What are the different road stud colours and what do they mean?

So, you’ve passed your test or still a learner driver with a provisional licence, and you are out on the road. You have cruised the city streets, explored the country lanes and even sped off onto the motorway. You find yourself wondering why some roads have white, red, amber, or green studs mean. Or you are a passenger pondering the same question. Well, quite simply, they are markers for certain parts of a road and can help you identify them as you cruise past. Some people may have called them cat’s eyes to you, they can be reflective or non-reflective in the dark, but they are all there to act as an extra guide on the road for you, especially when driving at night.

  • White studs: Mark the lanes or the middle of the road.
  • Red studs: Mark the left edge of the road.
  • Amber studs: Mark the central reservation.
  • Green studs: Mark the edge of the main road at slip roads or lay by.
  • Green/yellow studs can also be sued to indicate temporary changes to lane layouts (e.g. if road works are being carried out)
the meaning of reflective road studs

Sometimes temporary studs can be on the road, these are only there when there is a contraflow in place or work is being done to the road. These will be either fluorescent yellow or green. Spend 5 minutes and memorise the colours and meanings, and you will be one step closer to acing your driving theory test in NI or the UK. Nervous? Read our driving test guide to reducing test drive nerves before the practical test. Number one on the list is having your one-day driving test insurance document ready to present o the driving test centre.

What do the white lines mean?

A thick, solid white line at either side of the road is to show its edge. A broken white line in the centre of the road marks the middle of the road or the marker before another lane. You can sometimes have up to three or four lanes on one road with your thick solid white line at the edges.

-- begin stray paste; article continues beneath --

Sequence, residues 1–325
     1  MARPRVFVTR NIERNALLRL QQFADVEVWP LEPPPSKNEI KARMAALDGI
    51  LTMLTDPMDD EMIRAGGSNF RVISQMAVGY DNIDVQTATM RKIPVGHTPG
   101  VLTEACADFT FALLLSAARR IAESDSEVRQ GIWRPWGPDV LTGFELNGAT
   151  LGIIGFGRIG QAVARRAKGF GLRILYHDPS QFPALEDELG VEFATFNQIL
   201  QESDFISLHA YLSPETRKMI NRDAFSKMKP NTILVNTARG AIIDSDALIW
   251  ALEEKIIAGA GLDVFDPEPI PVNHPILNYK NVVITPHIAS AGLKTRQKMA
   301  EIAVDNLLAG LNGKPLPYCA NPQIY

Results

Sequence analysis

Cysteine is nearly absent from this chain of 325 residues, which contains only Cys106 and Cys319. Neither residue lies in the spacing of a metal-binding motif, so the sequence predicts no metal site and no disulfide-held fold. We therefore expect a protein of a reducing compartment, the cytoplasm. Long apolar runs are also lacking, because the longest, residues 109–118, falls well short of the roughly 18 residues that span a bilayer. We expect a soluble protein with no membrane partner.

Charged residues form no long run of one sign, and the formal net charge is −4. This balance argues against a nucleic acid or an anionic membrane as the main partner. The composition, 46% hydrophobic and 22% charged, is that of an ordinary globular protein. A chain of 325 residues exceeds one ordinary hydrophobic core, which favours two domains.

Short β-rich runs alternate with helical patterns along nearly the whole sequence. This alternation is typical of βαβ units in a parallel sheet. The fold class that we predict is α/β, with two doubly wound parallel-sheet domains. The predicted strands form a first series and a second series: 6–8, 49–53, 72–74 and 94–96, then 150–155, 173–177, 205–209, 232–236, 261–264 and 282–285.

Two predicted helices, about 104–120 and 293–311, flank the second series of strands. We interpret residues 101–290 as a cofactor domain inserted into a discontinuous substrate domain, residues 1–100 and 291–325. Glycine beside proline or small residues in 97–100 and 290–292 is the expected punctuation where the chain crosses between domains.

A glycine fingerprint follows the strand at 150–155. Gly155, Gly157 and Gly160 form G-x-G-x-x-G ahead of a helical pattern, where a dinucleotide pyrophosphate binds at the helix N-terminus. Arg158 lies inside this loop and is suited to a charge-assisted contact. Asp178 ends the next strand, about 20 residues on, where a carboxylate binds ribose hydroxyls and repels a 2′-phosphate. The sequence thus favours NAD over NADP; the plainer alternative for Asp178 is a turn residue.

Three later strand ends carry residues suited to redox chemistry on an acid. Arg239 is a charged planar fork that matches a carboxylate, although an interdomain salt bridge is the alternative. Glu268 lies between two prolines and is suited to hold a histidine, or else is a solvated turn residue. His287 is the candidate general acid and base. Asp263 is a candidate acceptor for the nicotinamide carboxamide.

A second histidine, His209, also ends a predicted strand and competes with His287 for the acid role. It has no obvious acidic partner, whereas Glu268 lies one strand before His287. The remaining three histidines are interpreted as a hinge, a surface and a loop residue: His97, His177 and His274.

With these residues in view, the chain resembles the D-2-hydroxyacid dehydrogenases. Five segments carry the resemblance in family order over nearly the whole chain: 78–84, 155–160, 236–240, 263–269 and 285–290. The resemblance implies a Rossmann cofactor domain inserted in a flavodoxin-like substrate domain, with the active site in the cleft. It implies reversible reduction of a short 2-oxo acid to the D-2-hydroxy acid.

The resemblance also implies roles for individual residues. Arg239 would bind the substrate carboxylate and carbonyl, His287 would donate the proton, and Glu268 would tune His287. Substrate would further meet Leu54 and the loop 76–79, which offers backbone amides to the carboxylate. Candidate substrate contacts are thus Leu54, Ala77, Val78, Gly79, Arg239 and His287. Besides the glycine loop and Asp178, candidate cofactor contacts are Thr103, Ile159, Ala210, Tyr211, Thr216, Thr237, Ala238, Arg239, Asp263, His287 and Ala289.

Motorway lanes explained

I’m sure you’ve heard before about one lane being the fast lane and one being the slow, but that is a myth. There is no such thing. They are simply called lane 1, 2, 3 or 4 and this is how they work:

  • Lane 1 is the left-hand lane for normal driving.
  • Lane 2 potentially the 2nd lane or middle lane which is for overtaking.
  • Lane 3 or Lane 4, the right-hand lane for overtaking.

Certain vehicles cannot use the right-hand lane and that is vehicles with trailers, speed restricted vehicles, any vehicle over 7.5 tonnes and finally vehicles that are to carry more than 8 passengers, potentially a coach or 9 seater minibus.

What is a yellow box on the road?

Similar to the studs (or cat’s eyes) Yellow box junctions are there as a signal to you, as the yellow box junctions are there to keep the road clear for through traffic to avoid traffic jams. Just like loading bays and red routes, these are put in place on certain roads to keep cars flowing.

What do double yellow lines mean?

No waiting at any time. If you are caught parked on these lines, you can be fined. A police officer or a council parking warden have the authority to fine you on the spot-on sight. If you are a new driver, finding cheap young driver insurance can be difficult, but make insurance quotes NI comparison tool will help on your journey to finding the best car insurance NI and the UK.

The more you use the roads daily, the more these questions will become second knowledge to yourself, but don’t be afraid to bookmark this guide to your phone for future reference. Good luck out there and stay safe!

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